A rent increase must be given in writing with a minimum number of 60 days' notice before it is to take effect. Can only be increased once in a 12 month period and a tenant who considers that their rent increase is unreasonable can apply to the Residential Tenancy Commission for an audit declaring the rent increase unreasonable.
That process is available now. As of 12 March, I am informed that the Residential Tenancy Commissioner had received just five applications for unreasonable rent increases following the expiry of the Emergency Period on 31 January, which is similar to the same period last year. On Tuesday I announced a series of policies to ensure we could provide more supply -
Madam SPEAKER - Order. Can I not have conversations across the Chamber, please?
Mr GUTWEIN - For landowners who wish to activate residential zoned land, my advice is that at last count we had around 5000 hectares of residential zoned land available in the state for around 60 000 residential lots.
Now, Madam Speaker, to help move that go forward we provided a $10 million headworks holiday for new residential subdivisions, $5000 per residential lot for power and up to $5000 for water and sewerage. We are introducing an apartment code to establish appropriate permitted discretionary assessment pathways for medium density residential development, where that development is near transport routes and services - where we should be building.
It will be interesting to hear the debate in this place over time as proposals come forward. I hope we will see broad support for the sector to get those buildings out of the ground and provide those additional dwellings Madam Speaker. Importantly, the ancillary dwellings I have already mentioned - extra living quarters with a floor area of less than 60 square metres, self-contained but additional to the primary home on a block such as a granny flat - we will provide $10 000 for the first 250 of those made available for long-term rental for two years. We are taking steps across a multifaceted range of initiatives.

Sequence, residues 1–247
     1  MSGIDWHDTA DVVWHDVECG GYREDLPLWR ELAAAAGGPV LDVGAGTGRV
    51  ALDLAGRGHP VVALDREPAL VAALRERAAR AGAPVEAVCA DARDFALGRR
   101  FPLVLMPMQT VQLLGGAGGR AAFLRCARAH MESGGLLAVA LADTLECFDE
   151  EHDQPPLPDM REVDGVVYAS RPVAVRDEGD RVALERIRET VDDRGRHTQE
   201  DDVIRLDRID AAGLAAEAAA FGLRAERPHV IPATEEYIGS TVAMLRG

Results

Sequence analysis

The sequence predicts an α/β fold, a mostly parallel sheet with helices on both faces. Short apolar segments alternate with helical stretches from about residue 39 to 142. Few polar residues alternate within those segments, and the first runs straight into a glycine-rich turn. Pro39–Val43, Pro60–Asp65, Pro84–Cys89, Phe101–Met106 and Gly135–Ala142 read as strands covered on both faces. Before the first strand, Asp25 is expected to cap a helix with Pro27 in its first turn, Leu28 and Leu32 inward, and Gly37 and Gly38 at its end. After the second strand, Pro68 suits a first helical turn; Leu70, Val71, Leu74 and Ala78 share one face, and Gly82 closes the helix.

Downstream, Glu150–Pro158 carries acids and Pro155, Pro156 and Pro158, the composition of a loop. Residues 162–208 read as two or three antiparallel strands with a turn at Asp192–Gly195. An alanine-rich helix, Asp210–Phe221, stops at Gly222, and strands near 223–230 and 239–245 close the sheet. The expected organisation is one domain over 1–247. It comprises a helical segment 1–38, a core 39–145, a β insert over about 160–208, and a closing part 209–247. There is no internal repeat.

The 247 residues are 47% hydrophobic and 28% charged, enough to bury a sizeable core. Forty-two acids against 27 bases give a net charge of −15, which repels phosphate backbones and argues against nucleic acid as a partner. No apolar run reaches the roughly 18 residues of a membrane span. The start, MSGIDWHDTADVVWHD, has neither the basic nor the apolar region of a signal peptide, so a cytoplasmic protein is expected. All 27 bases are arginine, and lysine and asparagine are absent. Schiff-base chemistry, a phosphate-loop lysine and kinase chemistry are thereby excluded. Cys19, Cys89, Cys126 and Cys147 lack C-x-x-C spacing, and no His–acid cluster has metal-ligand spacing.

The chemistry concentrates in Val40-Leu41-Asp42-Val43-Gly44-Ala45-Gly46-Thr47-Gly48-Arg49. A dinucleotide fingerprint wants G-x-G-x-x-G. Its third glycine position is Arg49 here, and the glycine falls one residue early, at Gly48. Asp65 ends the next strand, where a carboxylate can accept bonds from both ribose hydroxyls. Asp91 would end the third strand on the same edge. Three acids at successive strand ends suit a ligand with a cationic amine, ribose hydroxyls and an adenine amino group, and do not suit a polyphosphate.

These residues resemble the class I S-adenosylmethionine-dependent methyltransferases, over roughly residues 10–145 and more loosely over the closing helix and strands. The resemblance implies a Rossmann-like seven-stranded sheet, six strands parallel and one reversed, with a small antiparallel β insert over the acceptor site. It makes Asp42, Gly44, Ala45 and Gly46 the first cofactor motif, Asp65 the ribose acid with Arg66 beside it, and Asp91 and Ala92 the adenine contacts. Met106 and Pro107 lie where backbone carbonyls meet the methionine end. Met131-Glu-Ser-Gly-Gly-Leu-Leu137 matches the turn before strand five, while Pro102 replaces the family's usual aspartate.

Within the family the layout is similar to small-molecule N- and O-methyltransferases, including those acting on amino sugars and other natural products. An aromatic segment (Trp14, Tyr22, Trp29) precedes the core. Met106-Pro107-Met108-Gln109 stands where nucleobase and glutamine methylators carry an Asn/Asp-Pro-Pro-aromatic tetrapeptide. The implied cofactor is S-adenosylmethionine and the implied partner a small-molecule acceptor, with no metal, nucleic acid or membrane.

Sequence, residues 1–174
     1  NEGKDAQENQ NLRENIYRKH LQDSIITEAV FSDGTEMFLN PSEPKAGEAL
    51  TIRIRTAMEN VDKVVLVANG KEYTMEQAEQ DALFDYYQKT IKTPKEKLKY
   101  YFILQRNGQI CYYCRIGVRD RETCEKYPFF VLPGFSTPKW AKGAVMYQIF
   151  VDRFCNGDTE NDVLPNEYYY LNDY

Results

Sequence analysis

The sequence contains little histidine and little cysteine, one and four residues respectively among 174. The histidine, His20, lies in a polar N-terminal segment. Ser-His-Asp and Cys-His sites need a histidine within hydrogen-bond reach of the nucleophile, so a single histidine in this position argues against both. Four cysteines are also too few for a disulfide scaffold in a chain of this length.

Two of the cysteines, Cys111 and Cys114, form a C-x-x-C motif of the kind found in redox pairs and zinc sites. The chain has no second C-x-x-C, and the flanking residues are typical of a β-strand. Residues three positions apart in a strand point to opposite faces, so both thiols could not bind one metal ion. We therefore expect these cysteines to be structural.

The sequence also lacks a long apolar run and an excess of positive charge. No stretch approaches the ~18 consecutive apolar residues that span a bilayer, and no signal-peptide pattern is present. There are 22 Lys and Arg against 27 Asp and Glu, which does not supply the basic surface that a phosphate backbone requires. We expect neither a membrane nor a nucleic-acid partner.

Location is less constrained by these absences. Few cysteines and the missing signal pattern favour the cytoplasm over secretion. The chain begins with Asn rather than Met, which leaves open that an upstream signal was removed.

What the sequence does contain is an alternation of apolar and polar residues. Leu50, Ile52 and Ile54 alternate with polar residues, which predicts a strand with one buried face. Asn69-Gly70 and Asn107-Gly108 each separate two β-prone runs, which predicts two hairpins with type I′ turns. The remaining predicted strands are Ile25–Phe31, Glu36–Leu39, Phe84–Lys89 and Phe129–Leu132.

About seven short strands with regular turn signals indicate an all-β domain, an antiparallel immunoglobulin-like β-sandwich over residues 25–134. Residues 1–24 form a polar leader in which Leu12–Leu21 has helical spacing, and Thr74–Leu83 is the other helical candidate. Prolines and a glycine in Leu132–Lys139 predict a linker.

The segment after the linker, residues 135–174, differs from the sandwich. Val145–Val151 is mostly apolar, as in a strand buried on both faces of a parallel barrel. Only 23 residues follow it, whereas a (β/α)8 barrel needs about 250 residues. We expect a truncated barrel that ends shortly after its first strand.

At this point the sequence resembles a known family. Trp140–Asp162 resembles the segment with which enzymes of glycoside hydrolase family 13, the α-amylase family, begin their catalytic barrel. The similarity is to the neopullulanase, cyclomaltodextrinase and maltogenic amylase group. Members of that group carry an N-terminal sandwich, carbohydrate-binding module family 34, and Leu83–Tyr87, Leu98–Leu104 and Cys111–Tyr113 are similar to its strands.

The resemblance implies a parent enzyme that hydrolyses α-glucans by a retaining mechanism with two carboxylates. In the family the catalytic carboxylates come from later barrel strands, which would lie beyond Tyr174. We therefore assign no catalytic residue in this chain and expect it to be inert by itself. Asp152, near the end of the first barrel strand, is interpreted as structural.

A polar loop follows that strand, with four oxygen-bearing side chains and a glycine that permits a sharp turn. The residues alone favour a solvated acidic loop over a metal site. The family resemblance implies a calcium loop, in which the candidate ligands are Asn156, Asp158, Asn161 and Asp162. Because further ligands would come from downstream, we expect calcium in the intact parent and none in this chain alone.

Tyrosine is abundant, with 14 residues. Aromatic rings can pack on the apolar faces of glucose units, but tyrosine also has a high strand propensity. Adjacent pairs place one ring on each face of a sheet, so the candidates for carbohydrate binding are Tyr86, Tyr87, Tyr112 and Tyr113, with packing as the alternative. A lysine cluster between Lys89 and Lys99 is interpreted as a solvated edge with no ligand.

I think we can all agree that HomeShare is a fantastic program. It enables the Government to co-invest with purchasers by taking an equity stake in the home of up to $100 000 or 30 per cent of the home's value, whichever is the lesser. We are going to put another $10 million into that, meaning at least another 100 households could realise home ownership, Importantly, we are going to advertise it again. I hope we will not see the same sort of silly nonsense we have seen this morning in terms of a government policy being advertised so that people understand what it is, what it means, and what it means for them -
Opposition members interjecting.
Mr GUTWEIN - Again, this is the selective position they take - 'We don't like the government policy and we'll argue against you telling people about it but, if we do like it, we might support it.'. On that side of the House they simply do not know where they stand or what they stand for. I understand the Leader of the Greens will be introducing that bill but we are at policy odds on that.